Seven of the chickens in the Big Barn were hatched April 25, 2011 at a large midwestern hatchery, and shipped here through the United States Postal Service. I call them "the Gems" because they are named after rocks and famous women geologists. The "Literary Ladies" are younger hens and were hatched March 29, 2013. Watch these hens on the main HenCam, and you can see inside their barn on BarnCam.
Big Barn Chickens
This Cuckoo Maran is friendly yet calm, and gets along well with others. I named her after a book that I loved as a child – Veronica by Roger Duvoisin. It’s about a hippo that looks like all of the other hippos, all of whom live boring lives in the lake. Veronica goes to the city, has adventures, and when she comes back she is not like the other hippos. She is a storyteller. This Veronica hatched March 29, 2013.
Beulah is a Black Star hybrid. Hatched March 29, 2013.
Owly’s funny personality was immediately obvious. Even as a week-old chick, she looked curious and she looked up. She also had the markings of a round-eyed owl, hence her name. Owly is not the prettiest Ameracauna, but she does have the heart of a clown, and her expressions are endearing. Hatched March 29, 2013.
Beatrix is an Ameracauna with a classic face muff and gorgeous feathering, and what looks like a necklace around her neck. She is, like most birds of this breed, aloof but not flighty. She is named after Beatrix Potter. Hatched March 29, 2013.
Misty is a Blue Andalusian. She doesn’t look anything like her namesake, Misty of Chincoteague; perhaps I should have named her Stormy, for another horse in that book series. I read every one of Marguerite Henry’s horse books, and this hen is my way of acknowledging those classics. Although this Misty has slate grey feathers, she will lay white eggs. Hatched March 29, 2013.
Agatha Agate and Florence
These two are Speckled Sussex. Unlike the Orpingtons, who look and act alike, these hens, though of the same breeding, are unique unto themselves. In fact, all of the Speckled Sussex that I’ve had have all been full of character—friendly, active, curious and demanding. They might be my favorite breed. Florence is named after Florence Bascom, the first woman hired by the United States Geological Survey (in 1896). She is the smallest, quickest and smartest of the two. Agatha Agate is a very, very sweet hen of very little brain. She likes to sit on laps. She likes children. She would never peck anyone. Agatha is the perfect hen for school visits and is adored by many.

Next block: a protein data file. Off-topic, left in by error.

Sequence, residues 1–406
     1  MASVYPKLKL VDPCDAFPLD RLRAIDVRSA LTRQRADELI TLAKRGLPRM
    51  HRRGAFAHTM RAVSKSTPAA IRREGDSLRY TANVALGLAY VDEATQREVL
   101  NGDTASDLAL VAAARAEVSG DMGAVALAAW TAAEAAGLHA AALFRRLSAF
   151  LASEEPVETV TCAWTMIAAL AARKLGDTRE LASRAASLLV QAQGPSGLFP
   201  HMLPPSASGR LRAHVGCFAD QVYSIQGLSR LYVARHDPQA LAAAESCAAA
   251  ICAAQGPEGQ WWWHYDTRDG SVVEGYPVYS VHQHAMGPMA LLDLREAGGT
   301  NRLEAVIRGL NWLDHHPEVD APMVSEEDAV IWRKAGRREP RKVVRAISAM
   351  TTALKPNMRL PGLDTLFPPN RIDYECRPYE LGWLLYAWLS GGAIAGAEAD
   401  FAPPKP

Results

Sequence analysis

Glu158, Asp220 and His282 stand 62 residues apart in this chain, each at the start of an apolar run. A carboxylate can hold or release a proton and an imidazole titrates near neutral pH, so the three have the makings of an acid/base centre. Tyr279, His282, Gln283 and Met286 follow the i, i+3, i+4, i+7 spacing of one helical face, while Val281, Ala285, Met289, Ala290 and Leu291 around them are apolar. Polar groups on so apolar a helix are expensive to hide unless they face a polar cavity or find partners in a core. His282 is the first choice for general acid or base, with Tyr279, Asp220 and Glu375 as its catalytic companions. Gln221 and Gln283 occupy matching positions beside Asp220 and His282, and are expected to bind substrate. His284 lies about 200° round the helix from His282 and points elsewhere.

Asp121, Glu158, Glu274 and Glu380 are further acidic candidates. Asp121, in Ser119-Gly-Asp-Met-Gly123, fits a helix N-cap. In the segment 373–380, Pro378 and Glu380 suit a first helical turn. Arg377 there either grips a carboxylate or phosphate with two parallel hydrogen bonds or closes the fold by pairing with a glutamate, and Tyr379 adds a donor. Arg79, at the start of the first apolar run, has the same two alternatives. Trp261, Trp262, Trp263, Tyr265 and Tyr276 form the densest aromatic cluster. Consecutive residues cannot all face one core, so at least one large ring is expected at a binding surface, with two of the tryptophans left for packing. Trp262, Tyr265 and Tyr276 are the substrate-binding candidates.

This Barnevelder’s brown and green feathers have an iridescent glow in sunlight. She is a mild-mannered bird with a personality that keeps her in the background of the flock. Barnevelders lay milk-chocolate colored eggs. She is an easy-to-care for hen and a pleasure to have in the flock.
Jasper is a Welsummer, which is a light-weight breed. She is very pretty, and is curious, active and gentle. She is the only hen that has been picked on. For some reason, the other girls like to pluck out the feathers at the base of her tail. I’ve tried all sorts of remedies, but to no avail, and although it makes her look scrawny, it doesn’t seem to bother her. Jasper tolerates the feather-picking and no blood is drawn. Her eggs are dark brown. She is a very nice hen to have around.